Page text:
“I told myself I’m not crying today,” outgoing Harding University Partnership school principal Vanesha Davis told parents and children at yesterday’s Top Scholars award ceremony. “I just want to thank everybody for the support I’ve received the last few years,” she said as the eyes of parents misted up across the school’s auditorium.

If parents weren’t crying for Davis — or the awards their children were receiving for academic performance, integrity, attendance, improvement, and communication — they may have been crying for the fact that next fall, their school will have its fourth principal in three years. The timing is especially difficult because California schools will be transitioning to the new Common Core State Standards while Harding is still in the early stages of teaching the inquiry-based International Baccalaureate curriculum.

Davis’s predecessor was removed after only a few months on the job when he was involved in an incident that led to the involvement of law enforcement (although no charges were ever filed), but parents and teachers questioned his competence from day one. It seemed that this horrible episode may have undone the seven years of incremental progress at the school under the helm of Sally Kingston, a visionary if divisive leader who implemented several new programs. Not all of them stuck, but a partnership with UCSB Gevirtz Graduate School of Education and the IB curriculum are enduring.

Davis had been an assistant principal in the district for only two weeks when she was asked to take over Harding on an interim basis before winning the job outright. “She’s better than anything we ever expected, and I’m so sick that Santa Barbara is going to lose her,” said Ellen Bialis, a former Harding parent and longtime donor to the Gevirtz School and Harding.

A native of Watts, Davis was conspicuously the one of the only minority elementary school principal in a district that is roughly two-thirds minority. A Spanish major at UC Irvine before earning her education credentials, she honed her fluency in the language with a year abroad in Argentina. Before coming to Santa Barbara, she worked in the Los Angeles Unified School District.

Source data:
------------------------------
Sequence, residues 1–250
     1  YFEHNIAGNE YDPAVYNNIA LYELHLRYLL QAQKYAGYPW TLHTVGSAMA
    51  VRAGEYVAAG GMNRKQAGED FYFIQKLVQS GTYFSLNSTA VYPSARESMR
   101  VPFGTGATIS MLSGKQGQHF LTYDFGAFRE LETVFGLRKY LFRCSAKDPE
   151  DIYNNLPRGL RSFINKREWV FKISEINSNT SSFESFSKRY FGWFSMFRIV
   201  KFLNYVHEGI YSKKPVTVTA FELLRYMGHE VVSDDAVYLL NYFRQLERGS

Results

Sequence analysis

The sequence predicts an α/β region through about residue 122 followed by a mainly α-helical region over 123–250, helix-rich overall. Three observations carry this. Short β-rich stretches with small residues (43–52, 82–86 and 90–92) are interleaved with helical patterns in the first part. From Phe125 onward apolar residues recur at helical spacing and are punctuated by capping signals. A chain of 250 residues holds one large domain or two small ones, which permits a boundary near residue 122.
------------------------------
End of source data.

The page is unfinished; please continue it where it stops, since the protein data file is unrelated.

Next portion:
Davis told The Santa Barbara Independent that she is returning to L.A. to be with her family. She owns a home in Los Angeles and reportedly returned there most weekends. Still, some are wondering why she would resign her position without another job lined up.

“It was her decision,” said Assistant Superintendent of Elementary Education Emilio Handall. “We would love to retain her. It was quite a shock to the district that she would resign her position,” he said. Handall added that the district would take her back if she changed her mind.

Molly Presser, who taught at Harding for 23 years and was recruited by Davis to volunteer this year, praised Davis for her hands-on style. A Harding employee who did not want her name to appear in print described Davis as “very peaceful, even-keeled with a nice, calm demeanor.”

Sal Güereña, the executive director of Padres Unidos, a nonprofit that advocates for equity in education, said that Latino parents at Harding admired Davis. “I really liked Vanesha, too,” he wrote in an email. “She seemed to be an excellent principal.”

Jane Close Conoley, the dean of the Gevirtz School (who is leaving to become president of Cal State University Long Beach), said, “We’ve been delighted with the partnership with Vanesha Davis. We feel like we continue to do good things for the kids there. We felt like she was a very strong principal, and we hate to see her go.”

Davis is still committed to overseeing a summer enrichment program at UCSB for Harding students.

This story was amended on June 9, 2014 to reflect that Davis is not the only minority elementary school principal.


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